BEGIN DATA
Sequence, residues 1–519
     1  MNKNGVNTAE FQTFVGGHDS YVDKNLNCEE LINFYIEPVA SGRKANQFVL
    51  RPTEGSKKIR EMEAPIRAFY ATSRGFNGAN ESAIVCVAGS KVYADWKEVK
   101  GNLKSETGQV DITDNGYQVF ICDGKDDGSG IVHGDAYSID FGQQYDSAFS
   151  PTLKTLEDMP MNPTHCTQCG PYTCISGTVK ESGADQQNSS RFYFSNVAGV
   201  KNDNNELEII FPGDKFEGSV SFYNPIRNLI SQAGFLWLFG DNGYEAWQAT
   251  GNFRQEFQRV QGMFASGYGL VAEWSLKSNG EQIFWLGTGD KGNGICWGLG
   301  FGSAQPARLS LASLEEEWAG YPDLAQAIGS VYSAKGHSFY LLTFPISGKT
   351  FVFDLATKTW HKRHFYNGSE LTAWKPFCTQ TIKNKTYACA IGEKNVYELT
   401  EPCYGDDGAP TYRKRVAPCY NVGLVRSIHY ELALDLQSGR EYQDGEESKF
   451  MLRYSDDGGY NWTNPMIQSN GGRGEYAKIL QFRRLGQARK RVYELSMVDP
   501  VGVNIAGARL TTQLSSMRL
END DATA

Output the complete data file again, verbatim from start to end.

Sequence, residues 1–519
     1  MNKNGVNTAE FQTFVGGHDS YVDKNLNCEE LINFYIEPVA SGRKANQFVL
    51  RPTEGSKKIR EMEAPIRAFY ATSRGFNGAN ESAIVCVAGS KVYADWKEVK
   101  GNLKSETGQV DITDNGYQVF ICDGKDDGSG IVHGDAYSID FGQQYDSAFS
   151  PTLKTLEDMP MNPTHCTQCG PYTCISGTVK ESGADQQNSS RFYFSNVAGV
   201  KNDNNELEII FPGDKFEGSV SFYNPIRNLI SQAGFLWLFG DNGYEAWQAT
   251  GNFRQEFQRV QGMFASGYGL VAEWSLKSNG EQIFWLGTGD KGNGICWGLG
   301  FGSAQPARLS LASLEEEWAG YPDLAQAIGS VYSAKGHSFY LLTFPISGKT
   351  FVFDLATKTW HKRHFYNGSE LTAWKPFCTQ TIKNKTYACA IGEKNVYELT
   401  EPCYGDDGAP TYRKRVAPCY NVGLVRSIHY ELALDLQSGR EYQDGEESKF
   451  MLRYSDDGGY NWTNPMIQSN GGRGEYAKIL QFRRLGQARK RVYELSMVDP
   501  VGVNIAGARL TTQLSSMRL